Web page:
Asus P5Q Deluxe - P45 Chipset with DDR2

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The BIOS and Overclocking


Like a number of previous Asus high-end motherboard offerings, the P45-based P5Q Deluxe is outfitted with an embedded Linux-based operating system that’s available upon initial power-up.  The feature is dubbed “Express Gate”, but it is based on the SplashTop platform technology developed by San Jose-based company DeviceVM.  With this new motherboard, however, the Express Gate OS has been updated to v1.1.1.22 and offers a couple of new applications.


     

   


When the P5Q Deluxe is first powered up, a menu is displayed that gives users the option to boot the OS, enter the system BIOS, power down the system, or launch the Express Gate applications.  If you choose to boot the OS, enter the BIOS, or recycle power, the P5Q Deluxe behaves just like any other motherboard.  If you launch the Express Gate applications though, which are comprised of a web browser, a music-playback application, a photo browser, an IM client, and Skype, the embedded Linux-based OS is launched from an integrate on-board ROM and seconds later it’s available for use.  Like previous iteration, we found the Express Gate technology easy to use and quite handy.

If, for example, you need to download a driver or BIOS file and the hard drive-based OS isn’t functioning properly.  With Express Gate you can access the web and integrated peripherals even if the system’s full blown OS has a problem and won't boot.


     

     


As you can see in the screen captures above, the Asus P5Q Deluxe is equipped with an AMI BIOS derivative that is very complete and relatively easy to navigate. From within the BIOS users have the ability to configure, enable or disable all of the board's integrated peripherals, and monitor voltages, system temps, and clock speeds. The P5Q Deluxe also has an extremely extensive set of memory timing options that offer excellent flexibility for fine tuning memory performance or overclocking.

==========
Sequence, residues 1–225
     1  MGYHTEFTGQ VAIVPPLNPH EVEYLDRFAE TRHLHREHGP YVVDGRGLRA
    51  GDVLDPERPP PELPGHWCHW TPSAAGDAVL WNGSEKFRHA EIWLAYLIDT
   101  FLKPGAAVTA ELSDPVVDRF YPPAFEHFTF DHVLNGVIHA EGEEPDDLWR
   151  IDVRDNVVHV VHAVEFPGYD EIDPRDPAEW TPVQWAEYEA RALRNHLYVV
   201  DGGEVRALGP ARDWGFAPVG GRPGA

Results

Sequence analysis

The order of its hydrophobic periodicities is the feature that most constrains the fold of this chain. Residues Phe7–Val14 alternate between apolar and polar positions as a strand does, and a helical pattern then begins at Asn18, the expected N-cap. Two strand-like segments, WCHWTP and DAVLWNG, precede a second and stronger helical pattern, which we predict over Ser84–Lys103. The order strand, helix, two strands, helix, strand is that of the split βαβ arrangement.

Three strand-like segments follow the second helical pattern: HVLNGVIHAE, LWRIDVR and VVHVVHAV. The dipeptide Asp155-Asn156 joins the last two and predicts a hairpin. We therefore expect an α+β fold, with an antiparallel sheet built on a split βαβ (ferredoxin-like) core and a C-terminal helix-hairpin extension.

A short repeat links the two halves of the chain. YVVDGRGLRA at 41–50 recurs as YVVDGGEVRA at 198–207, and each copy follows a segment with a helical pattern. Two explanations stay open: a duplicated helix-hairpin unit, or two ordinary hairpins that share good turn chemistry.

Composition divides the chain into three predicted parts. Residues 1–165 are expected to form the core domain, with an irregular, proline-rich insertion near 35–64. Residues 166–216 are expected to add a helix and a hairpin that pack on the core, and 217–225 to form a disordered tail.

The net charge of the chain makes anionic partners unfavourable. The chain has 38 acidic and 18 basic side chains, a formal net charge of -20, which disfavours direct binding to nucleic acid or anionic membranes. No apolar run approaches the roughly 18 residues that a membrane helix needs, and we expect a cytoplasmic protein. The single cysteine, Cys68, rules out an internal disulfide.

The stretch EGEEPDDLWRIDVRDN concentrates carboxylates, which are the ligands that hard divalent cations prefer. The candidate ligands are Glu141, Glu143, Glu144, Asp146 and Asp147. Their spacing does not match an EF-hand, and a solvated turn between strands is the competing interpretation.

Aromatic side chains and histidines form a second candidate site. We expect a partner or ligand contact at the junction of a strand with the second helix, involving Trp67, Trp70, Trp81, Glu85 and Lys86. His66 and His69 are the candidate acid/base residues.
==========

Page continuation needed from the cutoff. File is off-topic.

The  Asus P5Q Deluxe's standard BIOS menu screens don't reveal anything unusual, but they will give you a feel for the general layout and organization of the options. Each individual screen has a host of menus that tunnel deeper and deeper as the options get more complex. As we've seen with most of Asus' recent motherboard offerings, other than the color scheme used, the P5Q Deluxe's menus are very similar to the BIOS derivatives used on most other high-end motherboards today.

Overclocking The Asus P5Q Deluxe
Plenty of Options


     

      


It is inside the "Extreme Tweaker" section of the Asus P5Q Deluxe's BIOS that users will find most of the board's performance tuning options.  From within the "Extreme Tweaker" section of the BIOS, users have the ability to alter clock frequencies and voltages for every major on-board component. The CPU front side bus and PCI Express frequencies can be altered in 1MHz increments, and the CPU multiplier and memory ratio can also be manipulated manually.  There are also extensive voltage options for the CPU, Memory, chipset, CPU PLL, CPU GTL (reference 0/2 and 1/3), FSB termination, Southbridge and SATA.

Another useful feature is that the BIOS is designed to allow users to key in voltages and frequencies directly without having to tunnel into a menu option.  We found this type of interface easy to use and especially liked the notes in the right margin that explained what each setting did, and which values were recommended.

We should note, that while the Asus P5Q Deluxe does have an wide assortment of voltage and memory options geared for overclockers, tinkering with all of them is not necessarily required to achieve high FSB and memory frequencies.  Asus actually includes a feature called "Mem OC Charger" that acts as a signal quality compensation mechanism to help system memory to reach higher frequencies.  Asus also states that due to the P45's 65nm manufacturing process, high NB voltages aren't necessary for moderate overclocking.

Obviously, we spent some time overclocking with the Asus P5Q Deluxe to see just how much untapped horsepower it had left.  We began by increasing our processor's core and the memory voltages by .1v.  Then we dropped our processor's multiplier to 6x, initially lowered the memory speed, and increased the front side bus frequency until our test system was no longer stable.  In the end, we were able to increase the FSB to 500MHz and memory to almost 1.2GHz with stock cooling and only a couple of minor tweaks.  Anything higher than 500MHz and the system wasn't stable with the stock chipset, FSB, and PLL voltages.  We're sure higher frequencies are possible though, with more experimentation though.
 

Tags:  Asus, P45, DDR, DDR2, Chipset, Chip, P5Q, chips, P4, IPS, UX, IP

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